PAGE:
Can Wights Die On 'Game Of Thrones'? This White Walker Connection Is Their Weakness

Helen Sloan/courtesy of HBO
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This episode of Game Of Thrones, "Beyond The Wall," was already the most anticipated episode of the season. After all, the second-to-last episode is always the most intense, and with Jon Snow and company venturing out north to capture a Wight from an undead army things were bound to get extra intense. And, it wasn't long before the episode revealed a magical connection between White Walkers and wights — and it might be the key to winning the war against these supernatural creatures. Because, if wights can die on Game of Thrones with just the killing of one White Walker, things will get a lot easier for the good guys.

Since last season, fans have known that there are two kinds of evil creatures to be feared beyond the Wall: The White Walkers, supernatural ice beings first created by the Children of the Forest, and wights, the zombie-like dead bodies they control with their potent magic. However, it was always a little unclear how their magic worked, and how much the wights were beholden to their creators; if you kill a White Walker, do all the wights that this particular White Walker has resurrected die along with it?

Now, it’s clear that they totally do. In one important scene during “Beyond The Wall,” Jon Snow and his company ambushed a small group of wights and the White Walker leading them. When Jon Snow struck out at the White Walker with a Dragonglass dagger (the only known substance to kill them aside from Valyrian steel), all but one of the wights around them fell as well. This seems like proof that when you kill a White Walker, the wights it controls fall, too.

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This is an extremely good thing for everybody in Westeros who doesn’t want to become a zombie themselves; it means that once the White Walkers are all defeated, the threat is over. Otherwise, even if they were able to defeat the White Walkers, they would still have to kill every single undead being out there to make sure they were safe. And let's be real; wights are cool, but nobody wants to see that. We've already got The Walking Dead, thank you.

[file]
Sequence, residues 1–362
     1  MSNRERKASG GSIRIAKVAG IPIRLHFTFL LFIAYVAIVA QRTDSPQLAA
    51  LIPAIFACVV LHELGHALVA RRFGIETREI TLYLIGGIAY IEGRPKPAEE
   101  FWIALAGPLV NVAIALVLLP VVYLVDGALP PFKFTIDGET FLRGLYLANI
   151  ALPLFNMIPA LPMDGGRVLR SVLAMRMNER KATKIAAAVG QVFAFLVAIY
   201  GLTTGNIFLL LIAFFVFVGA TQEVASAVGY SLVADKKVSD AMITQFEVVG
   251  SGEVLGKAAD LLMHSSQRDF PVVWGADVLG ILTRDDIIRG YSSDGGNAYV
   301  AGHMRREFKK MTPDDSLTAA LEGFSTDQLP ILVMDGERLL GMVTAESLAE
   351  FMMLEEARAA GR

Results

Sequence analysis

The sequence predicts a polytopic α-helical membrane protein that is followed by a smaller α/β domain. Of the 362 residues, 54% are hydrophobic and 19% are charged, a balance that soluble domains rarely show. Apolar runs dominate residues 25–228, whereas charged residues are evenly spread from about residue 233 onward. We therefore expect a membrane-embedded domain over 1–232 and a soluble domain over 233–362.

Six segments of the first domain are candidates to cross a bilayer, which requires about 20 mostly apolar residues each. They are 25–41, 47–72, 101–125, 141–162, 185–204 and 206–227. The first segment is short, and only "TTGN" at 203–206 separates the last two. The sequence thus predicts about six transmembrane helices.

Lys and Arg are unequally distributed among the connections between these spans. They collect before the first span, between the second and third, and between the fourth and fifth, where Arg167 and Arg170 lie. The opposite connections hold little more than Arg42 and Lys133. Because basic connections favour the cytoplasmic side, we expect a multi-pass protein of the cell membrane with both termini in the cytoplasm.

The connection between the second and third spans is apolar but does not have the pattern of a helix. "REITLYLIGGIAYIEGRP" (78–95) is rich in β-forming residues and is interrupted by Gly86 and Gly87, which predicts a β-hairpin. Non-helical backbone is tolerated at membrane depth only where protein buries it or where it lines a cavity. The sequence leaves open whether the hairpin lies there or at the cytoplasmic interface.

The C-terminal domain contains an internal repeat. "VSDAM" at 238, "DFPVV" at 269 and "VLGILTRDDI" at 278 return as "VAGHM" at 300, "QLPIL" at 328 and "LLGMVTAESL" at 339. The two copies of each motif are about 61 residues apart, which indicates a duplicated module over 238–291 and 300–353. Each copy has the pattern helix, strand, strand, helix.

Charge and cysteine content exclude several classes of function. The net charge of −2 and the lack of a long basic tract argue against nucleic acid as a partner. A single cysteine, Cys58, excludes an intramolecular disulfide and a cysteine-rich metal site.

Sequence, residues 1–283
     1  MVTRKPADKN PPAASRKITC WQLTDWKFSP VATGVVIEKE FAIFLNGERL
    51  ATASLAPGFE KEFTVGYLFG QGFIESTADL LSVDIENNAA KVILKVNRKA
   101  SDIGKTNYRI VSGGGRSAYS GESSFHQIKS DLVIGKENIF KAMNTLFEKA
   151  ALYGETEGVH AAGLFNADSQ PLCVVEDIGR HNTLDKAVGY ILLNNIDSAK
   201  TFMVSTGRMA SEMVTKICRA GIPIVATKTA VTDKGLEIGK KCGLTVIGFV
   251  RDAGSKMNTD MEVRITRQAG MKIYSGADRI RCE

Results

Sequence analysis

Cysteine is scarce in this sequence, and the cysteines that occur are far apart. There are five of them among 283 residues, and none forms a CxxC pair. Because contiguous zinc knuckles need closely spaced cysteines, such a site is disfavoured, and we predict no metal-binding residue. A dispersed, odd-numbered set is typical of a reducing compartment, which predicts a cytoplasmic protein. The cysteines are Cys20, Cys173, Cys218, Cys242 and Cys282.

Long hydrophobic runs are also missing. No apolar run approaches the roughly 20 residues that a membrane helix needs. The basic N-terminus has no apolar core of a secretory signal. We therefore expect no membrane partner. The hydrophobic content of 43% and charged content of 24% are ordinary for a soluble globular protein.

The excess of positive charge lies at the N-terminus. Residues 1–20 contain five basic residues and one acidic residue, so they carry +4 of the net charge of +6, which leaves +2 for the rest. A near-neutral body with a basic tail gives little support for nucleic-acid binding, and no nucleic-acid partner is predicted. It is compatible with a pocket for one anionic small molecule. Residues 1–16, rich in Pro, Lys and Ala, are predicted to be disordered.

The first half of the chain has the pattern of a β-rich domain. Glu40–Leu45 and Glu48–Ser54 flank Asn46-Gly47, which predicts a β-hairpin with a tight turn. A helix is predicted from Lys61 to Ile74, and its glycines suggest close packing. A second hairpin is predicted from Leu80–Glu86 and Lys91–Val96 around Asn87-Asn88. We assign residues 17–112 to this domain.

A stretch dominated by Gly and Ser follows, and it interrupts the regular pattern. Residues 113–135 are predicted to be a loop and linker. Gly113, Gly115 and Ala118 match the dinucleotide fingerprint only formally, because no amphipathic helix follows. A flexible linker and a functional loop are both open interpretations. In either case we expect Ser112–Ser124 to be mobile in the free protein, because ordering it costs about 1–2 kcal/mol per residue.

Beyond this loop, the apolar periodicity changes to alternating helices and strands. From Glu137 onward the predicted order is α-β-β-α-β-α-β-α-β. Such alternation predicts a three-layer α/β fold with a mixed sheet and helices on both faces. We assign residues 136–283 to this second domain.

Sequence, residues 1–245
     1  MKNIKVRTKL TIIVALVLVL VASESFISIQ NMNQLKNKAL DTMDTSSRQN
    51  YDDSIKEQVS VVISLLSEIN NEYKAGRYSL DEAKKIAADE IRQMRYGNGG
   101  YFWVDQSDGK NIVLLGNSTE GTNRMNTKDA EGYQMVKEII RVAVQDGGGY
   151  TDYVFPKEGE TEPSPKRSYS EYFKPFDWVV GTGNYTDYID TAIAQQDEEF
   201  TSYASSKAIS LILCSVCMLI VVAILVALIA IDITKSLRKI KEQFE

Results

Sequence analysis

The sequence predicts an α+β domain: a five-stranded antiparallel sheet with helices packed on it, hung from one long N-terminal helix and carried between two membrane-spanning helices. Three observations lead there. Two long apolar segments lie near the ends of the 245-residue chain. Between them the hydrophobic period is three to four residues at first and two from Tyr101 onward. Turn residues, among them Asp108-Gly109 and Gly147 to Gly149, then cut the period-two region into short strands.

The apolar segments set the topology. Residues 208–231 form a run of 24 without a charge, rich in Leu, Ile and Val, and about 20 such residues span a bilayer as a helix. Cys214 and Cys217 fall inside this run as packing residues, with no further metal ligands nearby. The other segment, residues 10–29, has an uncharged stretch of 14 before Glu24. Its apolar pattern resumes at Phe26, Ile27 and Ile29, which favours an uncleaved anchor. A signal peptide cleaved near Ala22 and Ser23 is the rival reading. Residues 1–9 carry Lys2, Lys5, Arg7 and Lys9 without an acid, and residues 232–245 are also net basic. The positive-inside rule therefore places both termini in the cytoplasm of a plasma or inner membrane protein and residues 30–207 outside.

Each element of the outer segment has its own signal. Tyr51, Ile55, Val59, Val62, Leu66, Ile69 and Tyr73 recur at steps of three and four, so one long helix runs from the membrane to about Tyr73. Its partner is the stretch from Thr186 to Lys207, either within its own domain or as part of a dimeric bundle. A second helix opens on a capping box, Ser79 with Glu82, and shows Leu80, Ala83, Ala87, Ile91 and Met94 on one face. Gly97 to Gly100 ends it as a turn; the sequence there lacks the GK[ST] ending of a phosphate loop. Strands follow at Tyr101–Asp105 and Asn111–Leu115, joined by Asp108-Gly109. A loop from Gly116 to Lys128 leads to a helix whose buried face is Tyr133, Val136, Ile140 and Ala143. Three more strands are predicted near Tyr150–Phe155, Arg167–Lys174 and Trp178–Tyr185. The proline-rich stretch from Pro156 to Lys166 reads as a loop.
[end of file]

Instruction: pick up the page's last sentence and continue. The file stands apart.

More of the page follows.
Interestingly, this episode also confirmed that although ice wights are beholden to the necromancers who raised them, fire wights — like Beric Dondarrion and Jon Snow, who were both brought back from the dead by red priests — are not. This became clear after Thoros of Myr, who originally brought Beric back, died during their quest to retrieve a wight.

Speaking of which — how did the wight that Snow and his gang captured survive after he killed the White Walker who was traveling with it? Because every single wight around them fell down, it stands to reason that this particular wight was raised from the dead by a different White Walker — maybe even the the Night King, who led the attack against Jon Snow's gang. Beric seems to think that if they kill the Night King, the entire army will die, because "he turned them all."

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Easier said than done, of course. The White Walkers are feared for a reason; they are super tough to kill, and as the leader, the Night King is probably the toughest of all. But if Game Of Thrones wants to end with a satisfying battle, stopping one creature is probably easier and more dramatic than stopping all of them, right?